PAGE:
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The new 2000 Annual Data Report/Atlas presents the national end-stage renal disease data in a new and expanded format. The ADR is divided into an Atlas section and Reference Tables section. The Atlas is focused on graphic display of information and tables, bar graphs and maps of the United States. The data on the maps is presented on a state or health services area level. This section may be viewed and/or downloaded to your personal computer. The downloadable files containing the chapters of the ADR are in Adobe Acrobat™, you will need the reader that will allow you to look at the documents.
ADR 2000 - Chapters  (Download Full Volume)
Introduction
Précis 
1. Incidence & Prevalence of ESRD 
2. Patients Characteristics at the Beginning of ESRD 
3. Treatment Modalities 
4. Clinical Indicators 
5. Morbidity & Hospitalization 
6. Pediatric ESRD 
7. Transplantation 
8. Survival, Mortality & Causes of Death 
9. Preventive Health Care Measures 
10. Provider Characteristics 
11. Economic Cost of ESRD 
12. International Comparisons 
Appendices
ADR 2000 - Reference Tables
Introduction 
A. Incidence
B. Prevalence
C. Patients Characteristics Form 2728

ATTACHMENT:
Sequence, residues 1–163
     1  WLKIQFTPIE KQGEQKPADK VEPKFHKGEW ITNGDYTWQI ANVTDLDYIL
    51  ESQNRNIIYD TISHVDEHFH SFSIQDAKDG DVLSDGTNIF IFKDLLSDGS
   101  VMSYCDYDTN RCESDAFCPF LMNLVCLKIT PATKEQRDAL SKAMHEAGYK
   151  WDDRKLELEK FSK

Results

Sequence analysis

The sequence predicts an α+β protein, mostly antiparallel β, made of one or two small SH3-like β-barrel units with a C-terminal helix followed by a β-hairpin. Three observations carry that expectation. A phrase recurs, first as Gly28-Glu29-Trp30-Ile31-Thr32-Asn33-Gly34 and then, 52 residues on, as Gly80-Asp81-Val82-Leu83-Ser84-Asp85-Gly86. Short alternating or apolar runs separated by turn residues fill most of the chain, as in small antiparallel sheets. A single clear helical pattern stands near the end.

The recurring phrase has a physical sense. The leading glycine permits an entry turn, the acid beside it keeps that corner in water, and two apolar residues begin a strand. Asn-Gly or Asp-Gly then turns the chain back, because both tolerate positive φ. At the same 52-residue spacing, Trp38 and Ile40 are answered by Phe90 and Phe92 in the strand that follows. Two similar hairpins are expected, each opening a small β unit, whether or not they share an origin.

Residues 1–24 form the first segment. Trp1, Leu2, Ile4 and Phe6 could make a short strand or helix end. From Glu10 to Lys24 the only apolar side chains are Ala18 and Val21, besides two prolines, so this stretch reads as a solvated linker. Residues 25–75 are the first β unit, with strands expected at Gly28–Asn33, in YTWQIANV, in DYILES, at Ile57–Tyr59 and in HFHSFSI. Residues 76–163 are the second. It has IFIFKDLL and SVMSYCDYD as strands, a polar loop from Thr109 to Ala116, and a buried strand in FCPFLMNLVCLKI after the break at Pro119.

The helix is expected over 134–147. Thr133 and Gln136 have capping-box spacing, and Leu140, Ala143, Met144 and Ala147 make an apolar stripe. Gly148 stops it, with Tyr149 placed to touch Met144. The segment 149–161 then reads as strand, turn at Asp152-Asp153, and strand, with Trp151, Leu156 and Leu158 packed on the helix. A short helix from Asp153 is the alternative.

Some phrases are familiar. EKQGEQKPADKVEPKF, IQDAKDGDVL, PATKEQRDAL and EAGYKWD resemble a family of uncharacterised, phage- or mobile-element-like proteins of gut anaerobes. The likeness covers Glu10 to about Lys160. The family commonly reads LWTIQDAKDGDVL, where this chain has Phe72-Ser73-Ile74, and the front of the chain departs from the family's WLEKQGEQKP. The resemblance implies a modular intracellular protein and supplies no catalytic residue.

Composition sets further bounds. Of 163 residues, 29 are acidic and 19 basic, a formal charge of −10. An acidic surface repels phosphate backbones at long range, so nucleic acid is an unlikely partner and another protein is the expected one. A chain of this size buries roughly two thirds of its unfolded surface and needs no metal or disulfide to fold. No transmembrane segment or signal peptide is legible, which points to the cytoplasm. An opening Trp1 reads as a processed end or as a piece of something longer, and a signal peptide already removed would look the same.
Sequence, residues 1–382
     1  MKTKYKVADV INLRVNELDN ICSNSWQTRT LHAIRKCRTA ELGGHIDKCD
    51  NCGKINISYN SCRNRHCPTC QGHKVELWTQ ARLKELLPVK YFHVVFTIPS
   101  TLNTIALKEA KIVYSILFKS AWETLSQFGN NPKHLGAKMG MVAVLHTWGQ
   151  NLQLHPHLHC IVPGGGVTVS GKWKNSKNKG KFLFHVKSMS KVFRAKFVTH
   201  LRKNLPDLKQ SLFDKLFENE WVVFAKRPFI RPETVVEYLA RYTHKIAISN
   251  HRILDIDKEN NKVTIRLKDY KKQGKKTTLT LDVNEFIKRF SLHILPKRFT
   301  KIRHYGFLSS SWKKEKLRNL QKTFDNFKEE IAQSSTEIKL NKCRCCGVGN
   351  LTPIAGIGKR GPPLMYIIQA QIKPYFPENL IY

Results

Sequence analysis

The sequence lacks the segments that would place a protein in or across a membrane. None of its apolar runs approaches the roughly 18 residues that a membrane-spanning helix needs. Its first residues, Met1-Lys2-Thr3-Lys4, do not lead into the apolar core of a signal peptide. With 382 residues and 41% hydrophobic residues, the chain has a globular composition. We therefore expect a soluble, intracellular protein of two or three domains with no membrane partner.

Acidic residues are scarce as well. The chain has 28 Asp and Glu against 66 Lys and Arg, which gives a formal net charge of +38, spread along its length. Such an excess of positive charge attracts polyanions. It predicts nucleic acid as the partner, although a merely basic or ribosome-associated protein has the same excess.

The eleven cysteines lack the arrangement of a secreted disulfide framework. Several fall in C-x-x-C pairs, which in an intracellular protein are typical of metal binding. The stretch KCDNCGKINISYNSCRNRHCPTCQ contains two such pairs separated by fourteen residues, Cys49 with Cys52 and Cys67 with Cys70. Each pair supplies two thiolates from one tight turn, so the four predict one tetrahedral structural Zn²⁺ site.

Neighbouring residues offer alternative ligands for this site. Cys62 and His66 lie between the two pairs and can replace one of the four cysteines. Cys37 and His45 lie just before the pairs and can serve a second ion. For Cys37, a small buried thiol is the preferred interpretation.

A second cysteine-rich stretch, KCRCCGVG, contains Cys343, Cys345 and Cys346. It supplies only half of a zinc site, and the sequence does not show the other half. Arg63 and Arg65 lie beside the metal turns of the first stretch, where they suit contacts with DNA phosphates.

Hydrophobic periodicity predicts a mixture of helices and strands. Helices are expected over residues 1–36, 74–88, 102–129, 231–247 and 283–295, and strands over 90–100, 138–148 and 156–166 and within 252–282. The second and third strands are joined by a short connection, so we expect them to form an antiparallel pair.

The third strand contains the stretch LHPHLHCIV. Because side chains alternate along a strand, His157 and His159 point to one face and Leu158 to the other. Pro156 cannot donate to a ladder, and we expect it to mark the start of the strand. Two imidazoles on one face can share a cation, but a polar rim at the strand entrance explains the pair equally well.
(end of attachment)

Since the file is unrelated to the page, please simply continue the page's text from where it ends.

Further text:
Click here to view and download the Medical Evidence Form 2728. 
D. Treatment Modalities
E. Morbidity and Hospitalization
F. Transplantation: Process
G. Transplantation: Outcomes
H. Mortality and Causes of Death
I. Patient Survival
J. Provider Characteristics
K. Economic Costs of ESRD
L. Census Populations

Suggested citation for this report:
U.S. Renal Data System, USRDS 2000 Annual Data Report: Atlas of Chronic Kidney Disease and End-Stage Renal Disease in the United States, National Institutes of Health, National Institute of Diabetes and Digestive and Kidney Diseases, Bethesda, MD, 2000.

Publications based upon USRDS data reported here or supplied upon request must include this citation and the following notice:
The data reported here have been supplied by the United States Renal Data System (USRDS). The interpretation and reporting of these data are the responsibility of the author(s) and in no way should be seen as an official policy or interpretation of the U.S. government.

Citations should separate chapter, number, and volume by periods — i.e., 3.1.ii refers to Chapter Three, Figure 1, Volume Two.